The most talked-about attendee at last Sunday's Golden Globes wasn't a big Hollywood celebrity. It was Amal Clooney, who was basically there as her husband's plus-one. Hosts Tina Fey and Amy Poehler -- who ran a notably feminist awards show -- kickstarted the Amal-loving vibe with their opening monologue. They began by pointing out that Amal Alamuddin Clooney "is a human rights lawyer who worked on the Enron case [and] was an adviser to Kofi Annan regarding Syria."
  • When life gives Calgary food writer lemons ...she heads directly to the kitchen

    FOR Gwendolyn Richards, the path to her first cookbook involved a few funny turns. While working as a crime reporter for the Calgary Herald, Richards started a food blog as a creative side project and then began doing monthly food pieces for the newspaper. “Every month I would pitch what I wanted to write about,” explains the 38-year-old food writer and photographer. “A nd I kind of fell into this pattern where everything I pitched was lemon-related.”
  • Downton ditches classy for daffy

    Last Sunday, as Downton Abbey offered up a daffy, slightly deranged season opener, it seemed odd to look back to 2011, when the series seemed to embody the quintessence of Masterpiece Theater "classiness." With its handsome period-piece prestige, DA appeared set to examine the complex class hierarchies of a rapidly changing England. But no. By the second season, with a spate of double amnesia and temporary paralysis subplots, the series had become a posh soap opera. By the third season, it had descended into moments of unintentional comedy. Now, after a letdown fourth series, Downton Abbey is back for a fifth, reigning over PBS's Sunday evenings in its interminable but strangely irresistible way. Four years on, we're still watching Downton Abbey.
  • The strange, sad and silly year that was

    As usual, the year in pop culture provided a tragicomic pageant of the good, the bad, the random and the ridiculous. Here's a brief rundown:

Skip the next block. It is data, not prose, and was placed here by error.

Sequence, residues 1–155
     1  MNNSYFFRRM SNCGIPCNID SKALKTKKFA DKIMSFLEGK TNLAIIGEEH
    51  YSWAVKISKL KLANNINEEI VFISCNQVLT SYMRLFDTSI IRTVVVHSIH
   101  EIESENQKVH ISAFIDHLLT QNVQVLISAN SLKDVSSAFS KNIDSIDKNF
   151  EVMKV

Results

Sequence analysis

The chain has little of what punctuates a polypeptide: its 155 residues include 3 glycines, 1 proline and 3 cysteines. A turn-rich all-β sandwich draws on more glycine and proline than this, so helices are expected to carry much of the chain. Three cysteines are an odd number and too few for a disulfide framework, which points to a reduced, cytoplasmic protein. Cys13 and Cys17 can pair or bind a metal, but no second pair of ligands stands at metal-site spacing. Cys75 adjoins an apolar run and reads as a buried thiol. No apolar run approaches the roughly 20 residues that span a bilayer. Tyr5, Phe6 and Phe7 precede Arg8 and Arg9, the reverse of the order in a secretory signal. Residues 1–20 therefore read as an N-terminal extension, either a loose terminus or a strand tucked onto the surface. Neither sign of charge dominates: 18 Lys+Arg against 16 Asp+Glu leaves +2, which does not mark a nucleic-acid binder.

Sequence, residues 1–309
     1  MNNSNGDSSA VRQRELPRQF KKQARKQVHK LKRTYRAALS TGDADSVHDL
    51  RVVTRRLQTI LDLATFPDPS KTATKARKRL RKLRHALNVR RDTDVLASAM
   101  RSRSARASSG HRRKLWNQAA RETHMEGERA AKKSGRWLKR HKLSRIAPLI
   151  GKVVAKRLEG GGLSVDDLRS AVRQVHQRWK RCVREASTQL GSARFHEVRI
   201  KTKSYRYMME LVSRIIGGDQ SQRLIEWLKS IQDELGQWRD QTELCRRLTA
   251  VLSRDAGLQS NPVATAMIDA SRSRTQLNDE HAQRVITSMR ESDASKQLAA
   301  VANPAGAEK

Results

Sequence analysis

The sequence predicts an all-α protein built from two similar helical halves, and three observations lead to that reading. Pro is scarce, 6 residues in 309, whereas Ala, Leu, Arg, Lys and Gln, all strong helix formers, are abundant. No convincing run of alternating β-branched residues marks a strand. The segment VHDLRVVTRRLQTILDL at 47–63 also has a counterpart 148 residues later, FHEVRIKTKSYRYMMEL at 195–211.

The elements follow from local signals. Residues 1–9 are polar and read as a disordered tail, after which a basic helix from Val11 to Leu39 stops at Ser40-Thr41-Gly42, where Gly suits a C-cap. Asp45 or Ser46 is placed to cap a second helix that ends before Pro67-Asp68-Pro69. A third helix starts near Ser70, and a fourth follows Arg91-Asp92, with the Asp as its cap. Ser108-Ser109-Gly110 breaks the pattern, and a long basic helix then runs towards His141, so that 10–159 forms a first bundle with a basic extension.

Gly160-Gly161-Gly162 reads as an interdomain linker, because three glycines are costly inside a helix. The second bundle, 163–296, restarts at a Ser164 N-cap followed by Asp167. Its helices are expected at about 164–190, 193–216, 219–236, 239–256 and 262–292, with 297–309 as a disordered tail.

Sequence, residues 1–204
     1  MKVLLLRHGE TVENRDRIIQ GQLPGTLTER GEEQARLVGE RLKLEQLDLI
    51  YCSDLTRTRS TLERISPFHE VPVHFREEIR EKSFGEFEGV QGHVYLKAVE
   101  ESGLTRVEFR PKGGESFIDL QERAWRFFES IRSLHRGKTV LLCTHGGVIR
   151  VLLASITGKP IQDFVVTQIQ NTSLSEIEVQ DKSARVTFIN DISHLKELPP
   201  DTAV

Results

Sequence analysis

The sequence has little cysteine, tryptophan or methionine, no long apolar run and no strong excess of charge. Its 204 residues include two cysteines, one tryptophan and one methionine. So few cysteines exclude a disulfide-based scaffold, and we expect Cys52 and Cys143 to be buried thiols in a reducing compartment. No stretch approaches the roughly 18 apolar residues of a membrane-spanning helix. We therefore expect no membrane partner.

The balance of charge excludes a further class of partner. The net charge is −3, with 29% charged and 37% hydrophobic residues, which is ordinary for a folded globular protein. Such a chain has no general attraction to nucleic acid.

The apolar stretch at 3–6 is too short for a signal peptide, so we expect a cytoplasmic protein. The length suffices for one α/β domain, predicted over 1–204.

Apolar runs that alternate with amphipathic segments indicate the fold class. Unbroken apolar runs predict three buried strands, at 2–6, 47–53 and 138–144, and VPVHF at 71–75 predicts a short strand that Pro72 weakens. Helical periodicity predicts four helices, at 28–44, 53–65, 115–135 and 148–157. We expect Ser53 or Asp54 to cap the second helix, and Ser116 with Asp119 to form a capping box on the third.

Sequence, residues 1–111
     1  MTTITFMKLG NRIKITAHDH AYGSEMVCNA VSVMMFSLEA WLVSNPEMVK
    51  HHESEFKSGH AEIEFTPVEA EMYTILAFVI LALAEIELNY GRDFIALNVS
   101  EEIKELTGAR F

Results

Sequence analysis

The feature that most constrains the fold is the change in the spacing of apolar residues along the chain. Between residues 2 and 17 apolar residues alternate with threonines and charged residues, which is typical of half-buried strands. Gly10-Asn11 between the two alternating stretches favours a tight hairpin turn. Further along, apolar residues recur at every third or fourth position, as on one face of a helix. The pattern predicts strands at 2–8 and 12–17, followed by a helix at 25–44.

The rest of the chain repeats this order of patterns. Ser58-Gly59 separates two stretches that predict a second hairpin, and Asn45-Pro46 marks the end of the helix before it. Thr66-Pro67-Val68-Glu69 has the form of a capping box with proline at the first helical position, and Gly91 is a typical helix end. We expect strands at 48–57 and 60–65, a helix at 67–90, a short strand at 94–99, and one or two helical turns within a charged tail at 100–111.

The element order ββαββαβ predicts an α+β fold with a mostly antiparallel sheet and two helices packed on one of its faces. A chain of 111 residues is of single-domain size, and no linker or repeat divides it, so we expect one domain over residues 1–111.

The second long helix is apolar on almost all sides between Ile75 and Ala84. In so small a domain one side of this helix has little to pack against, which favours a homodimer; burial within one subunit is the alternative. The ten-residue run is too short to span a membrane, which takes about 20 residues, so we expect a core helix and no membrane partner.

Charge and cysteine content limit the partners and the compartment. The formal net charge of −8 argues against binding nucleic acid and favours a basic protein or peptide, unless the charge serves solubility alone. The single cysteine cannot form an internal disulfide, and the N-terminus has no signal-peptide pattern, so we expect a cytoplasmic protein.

• Earl Grey squares

    If you like cookies and tea, you want to try cookies made with tea. These convenient slice-and-bake squares offer the subtle citrus taste of Earl Grey.  
  • Combining Hanukkah and Christmas doesn’t have to be like mixing oil and eggnog

    THE snow is falling. The lights are gleaming. It’s beginning to look a lot like... Chrismukkah? Last night, many Winnipeg families began lighting candles to mark Hanukkah, the Jewish celebration of the rededication of the Temple in Jerusalem after a struggle for religious freedom. Other families are busy decorating trees, baking cookies and singing carols to celebrate Christmas and the birth of Jesus.
  • Eggnog Sandwich Cookies

    THESE cakey sandwich cookies have the warm Christmas flavours of eggnog.  
  • Sorkin's show spirals to irrelevancy

    Like a lot of people who write for a living, I wanted to like the Aaron Sorkin series The Newsroom. It's wordy, and I like words. It's idealistic, and I've got ideals. I love the notion that getting out the news is just one fast-talking, crisis-a-minute caper. If only the words weren't such an echo chamber of hollow cleverness. The Newsroom offers the worst kind of Sorkin-talk, with almost nothing between rat-a-tat banter and ponderous speechifying. If only the principles weren't so smug and self-indulgent. Even to me, someone who can't start the day without a cup of coffee and some hard-copy news, the show's defence of old-school journalism feels preachy, patronizing and embarrassingly out of touch.
  • Lemon Thumbprints

    This recipe adds some fresh citrus flavour to a buttery thumbprint cookie. Lemon Thumbprints
  • There has been an awakening

    The trailer for Star Wars 7 dropped the day after American Thanksgiving, with fans rousing themselves from food hangovers for a longed-for first look at The Force Awakens. Some ardent Star Wars lovers headed to the multiplex, often to attend movies they didn't like, just to experience the new offering on the big screen. The trailer was simultaneously released on iTunes and was almost immediately plastered over social media. Not long after that, the Internet was packed with memes, parodies, fan art, even a shot-by-shot Lego replication. By the end of the weekend, the trailer had millions of views, and almost as many reviews, reactions and online rants and raves.
  • Food author thinks we can learn to love bitterness